It's been so long since I've checked in with this blog and I'm so pleased to say that I'm doing just fine. This month marks seven years since my diagnosis and I've been cancer-free ever since the tumor removal in September 2007.
Life takes on a different character after you battle this disease and each passing year gives you more promise that you'll live as long and healthy as you've always wanted. It's all we want, really, to live a "normal" life. None of us come into this world expecting to live to be 120, but when something profound comes along that threatens to steal dozens of good years away from you - YOUR years that you've counted on, that your family has counted on, it forces you to take a radical new perspective on what your life may now be like. If you're fortunate enough to beat this disease, the rest of your life doesn't simply open back up again, uncoil like a compressed spring being released. Instead, you're afforded a little bit of your life back at a time - a little more hope with each passing month, each year. This is a way of protecting yourself, but also a recognition of the new life you've been given. It's not the same life you had before, where old age was the expected scenario. In this new life you've been given the gift of perspective on how to live with future uncertainties and on just how precious each day is.
About a year ago, I sat across from my oncologist during a checkup and he put down my thick chart that is literally the size of a big city telephone book, and looked at me. He smiled, held out his hands and took mine in his, then said, "I am proud of you. You look so good, so happy, and you're living your life again - finally. The way we want to see all of our patients live their lives after their battles." I smiled in agreement, sharing this pride, realizing how sincere his words were and how deeply they resonated with me and this journey.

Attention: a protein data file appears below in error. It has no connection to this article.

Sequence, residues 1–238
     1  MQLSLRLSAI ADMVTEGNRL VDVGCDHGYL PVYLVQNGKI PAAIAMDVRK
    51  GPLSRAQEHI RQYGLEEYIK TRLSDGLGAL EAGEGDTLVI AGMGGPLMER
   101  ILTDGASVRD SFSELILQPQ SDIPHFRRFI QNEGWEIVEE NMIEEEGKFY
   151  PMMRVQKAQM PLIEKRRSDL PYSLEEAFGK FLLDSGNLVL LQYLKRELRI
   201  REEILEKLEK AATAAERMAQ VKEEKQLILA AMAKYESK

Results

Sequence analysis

We are all in this together. Whether you're in the midst of your fears within a battle that seems so huge that you shudder with every thought about getting through your day, to those who have won the cancer battle and moved on to all the other battles we wage in our lives. The doctors are here too, and our families. This is who we are now - forever changed, forever united, we muster through and somehow persevere.